of Sydney, Biomechanics Division)but I think our methods would apply equally
to your Vicon (is that what you are still using at Strathclyde?). In a study
of upper limb function (Jebsen) we measured upper trunk, arm, forearm, hand,
index finger and thumb. For the hand and digits we used small (4mm)
spherical markers attached with double-sided hypoallergenic adhesive tape to
the joints. Six cameras were necessary to cope with the rotations and two of
them were close up on the hand.
Good Luck, Richard

From: R.Smith@au.edu.su.cchs (Richard Smith)


************************************************** **************************

Dear Nicky,

Reading your question at BIOMCH-L I thought you might be interested to know
that in our laboratory we have been recording drawing and writing movements
with our Optotrak (3D movement registration) system. Our recordings involve
arm, hand, and index finger movements. Optotrak uses three infrared sensors to
register locations of infrared diodes in space. The diameter of these markers
is about 6 mm. We apply 4 of these to the index finger, two on both the first
and second phalanx, in order to estimate extension/flexion in their
interphalangeal joint. Extension/flexion and adduction/abduction in the first
metacarpophalangeal joint can be estimated by attaching another three markers
at the back of the hand. These are also used to estimate ext/flex and abd/add
of the wrist by relating them to another two markers at the forarm. We even
estimated pro/supination of the forearm with another markers. So we used a
total of 14 markers. In order to prevent the markers on the second phalanx of
the index finger from being obscured by the hand (due to the writing posture)
we had to mount them on a small strip that was attached to the phalanx under a
90 deg angle. So when the hand was flat on the table the strip with the markers
was pointing upward. Our main interest is joint angle *changes*, rather than
exact joint angles. Applying 3D geometry to the marker positions we can quite
well derive these changes. However, marker positions were chosen such that
marker positions were influenced as little as possible by soft tissue
deformations in *writing and drawing* tasks. For other tasks (slight) changes
of marker positions may be needed.
I realize that I am not being very explicit, but this message it really just
meant to let you know that we were faced with the same problems that I think you
have and that we have worked out a solution that fits our specific needs. If
you think our experience may be of any help to you, please inform me about your
goals and problems, so that maybe I can help.


Joost Schillings,
schillings@nici.kun.nl



************************************************** ***********************

Nicky,

You may want to try asking a former colleuge of mine who did his
masters thesis on the hand and pinching and grasping. I recall
helping him on 3D motion analysis using retroreflective markers:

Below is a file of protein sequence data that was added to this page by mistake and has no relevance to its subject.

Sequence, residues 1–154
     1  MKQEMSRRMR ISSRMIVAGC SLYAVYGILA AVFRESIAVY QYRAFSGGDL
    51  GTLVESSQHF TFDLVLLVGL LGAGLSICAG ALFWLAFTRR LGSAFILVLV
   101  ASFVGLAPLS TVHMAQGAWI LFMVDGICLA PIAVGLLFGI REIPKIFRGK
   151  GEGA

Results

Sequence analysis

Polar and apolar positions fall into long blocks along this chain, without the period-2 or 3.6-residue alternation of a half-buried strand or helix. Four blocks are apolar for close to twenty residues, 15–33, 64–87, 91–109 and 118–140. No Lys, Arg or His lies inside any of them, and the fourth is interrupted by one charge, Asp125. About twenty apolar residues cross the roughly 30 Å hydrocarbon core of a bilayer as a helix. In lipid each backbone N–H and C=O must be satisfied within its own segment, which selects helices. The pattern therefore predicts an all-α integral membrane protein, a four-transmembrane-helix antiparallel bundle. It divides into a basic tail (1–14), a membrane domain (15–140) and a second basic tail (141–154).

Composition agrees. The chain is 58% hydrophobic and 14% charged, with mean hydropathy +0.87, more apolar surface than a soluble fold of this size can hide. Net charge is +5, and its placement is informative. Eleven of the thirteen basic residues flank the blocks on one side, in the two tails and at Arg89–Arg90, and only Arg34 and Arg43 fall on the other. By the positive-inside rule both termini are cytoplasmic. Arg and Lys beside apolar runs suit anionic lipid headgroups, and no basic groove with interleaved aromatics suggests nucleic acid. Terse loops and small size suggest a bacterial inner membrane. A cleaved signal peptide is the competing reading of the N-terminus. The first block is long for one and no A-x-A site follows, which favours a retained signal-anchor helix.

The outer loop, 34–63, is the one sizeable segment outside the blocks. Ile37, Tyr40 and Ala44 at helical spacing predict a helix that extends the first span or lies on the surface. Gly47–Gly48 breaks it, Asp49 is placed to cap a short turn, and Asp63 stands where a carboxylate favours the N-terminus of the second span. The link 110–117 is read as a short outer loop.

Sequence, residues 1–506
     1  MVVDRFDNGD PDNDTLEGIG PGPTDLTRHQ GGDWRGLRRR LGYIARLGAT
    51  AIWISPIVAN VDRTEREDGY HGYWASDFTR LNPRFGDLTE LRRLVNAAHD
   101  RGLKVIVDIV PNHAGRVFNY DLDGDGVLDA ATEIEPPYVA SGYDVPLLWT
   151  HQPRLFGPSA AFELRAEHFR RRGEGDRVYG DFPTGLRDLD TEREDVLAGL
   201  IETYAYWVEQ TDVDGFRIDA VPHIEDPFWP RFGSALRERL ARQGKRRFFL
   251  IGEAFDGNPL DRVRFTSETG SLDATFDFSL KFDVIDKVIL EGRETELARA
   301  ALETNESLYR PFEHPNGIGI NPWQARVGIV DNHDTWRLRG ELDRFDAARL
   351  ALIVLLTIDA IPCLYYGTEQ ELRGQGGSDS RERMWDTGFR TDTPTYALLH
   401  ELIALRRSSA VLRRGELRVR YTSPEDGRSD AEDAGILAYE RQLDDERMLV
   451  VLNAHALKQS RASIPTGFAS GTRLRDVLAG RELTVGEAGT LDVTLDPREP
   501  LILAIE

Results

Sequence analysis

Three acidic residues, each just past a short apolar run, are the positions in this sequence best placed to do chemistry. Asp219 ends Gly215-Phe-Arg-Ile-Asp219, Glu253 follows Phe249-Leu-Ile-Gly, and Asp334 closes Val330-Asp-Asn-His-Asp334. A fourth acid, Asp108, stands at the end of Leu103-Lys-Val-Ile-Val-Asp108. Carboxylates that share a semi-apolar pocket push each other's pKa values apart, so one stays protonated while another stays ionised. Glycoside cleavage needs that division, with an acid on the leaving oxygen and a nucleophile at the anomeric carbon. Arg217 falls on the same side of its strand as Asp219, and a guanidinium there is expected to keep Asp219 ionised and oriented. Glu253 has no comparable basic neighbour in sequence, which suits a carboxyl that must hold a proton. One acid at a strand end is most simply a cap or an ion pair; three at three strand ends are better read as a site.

Brock Horsley
kinetic@GVSU.EDU

Good Luck!


_/_/_/
Jim Patton
_/ _/ _/ _/_/_/_/_/_/ _/_/_/ _/_/ _/ Graduate Student
_/_/_/ _/_/ _/ _/ _/ _/ _/ _/ _/ Biomedical Engineering
_/ _/ _/ _/ _/ _/ _/ _/ _/ _/ Northwestern U
_/ _/_/_/ _/ _/ _/ _/ _/ _/_/ j-patton@nwu.edu
_/ _/ _/ _/ _/ _/_/_/ _/ _/ (312) 549-3263




************************************************** *************

Contact Karin Hollerbach (hollerbach1@LLNL.gov). Karin is using a MacReflex
System (Qualisys) to look at hands. She is located at the Lawrence Livermore
National Laboratory in California. Good Luck!


From: BillH4740@com.aol


************************************************** ******************

Dear Nicky,

I suggest that you contact Mr. Peter Meddings at Oxford Metrics, Ltd.,
manufacturer of the VICON system. Tel: 44 865 244 656

-Lee
From: LEEBARNES@com.delphi


************************************************** *******************

Nicky,

I have used the Vicon to track finger motion (both the
old VX and the new 370). I used their smallest
marker balls (8mm) on each phalanx without much
trouble. It used a small sized calibration object and
got residuals below 1mm. The problem is which motion
analysis system do you have?

Peter Kyberd
Oxford Orthopaedic Engineering Centre


************************************************** ************************

Dear Nicky Shaw-Hamilton,

Regarding your search for a motion analysis system for finger and
hand motion, have you considered the OPTOTRAK? Some of our customers
are using the OPTOTRAK for various grasping and hand motion studies.
It is an active marker system with high accuracy, realtime 3d
position tracking. There are options that allow such things as
realtime rigid body tracking and collecting analog data along with
the positional data. Our standard markers are infrared light
emitting diodes, mounted on disks of diameter 4, 8, or 16mm. One
would typically use the 4 or 8mm size for hand or finger studies.

If you have a copy of the proceedings from the 1994 IEEE
International Conference on Robotics and Automation, you may wish to
look at the first paper in section A1.10 (Rohling and Hollerbach).
It shows the use of the system by the Biorobotics Lab at McGill
University here in Canada to study the human index finger. Please
note, however, that the rather imposing apparatus in figure 1 is not
our system. An example of one of our markers is shown in figure 5 of
the paper.

If you would like further information about our system, please let me
know and I can mail or fax you a complete description. I could also
provide contact information should you wish to speak to current users
of the OPTOTRAK.

Good luck with your search.

Yours sincerely,

Margaret Fraser
Northern Digital Inc.

************************************************** *********************

Hi Nicky-
We're using a set of fiberoptics to measure joint angles in the hand.
The fiberoptic cable is run along the joint of interest, and the power loss as
the joint (and cable) bends is proportional to the joint angle.
My colleague has built a prototype system using low-grade fiberoptics.
The outer coating of the cable is stripped away in the area over the joint;
this increases the power loss when that area is bent. Spurious signal loss in
other areas of the cable between the site of interest and the
transmitter/receiver are diminished because those parts of the cable are still
clad. The associated electronics attempt to keep the power level of the
transmitted light constant; the measured quantity is the power the transmitter
requires to maintain the desired output (ie received) level.
This is still a prototype system, so I don't have a ready-made device (or
much information, for that matter) to give you. You would have to design/build
a significant amount of the system from scratch. You can get high-loss
fiberoptic cable and very small emitters/receivers quite cheaply.
good luck!
-Claudia Ranniger


From: "Claudia Ranniger"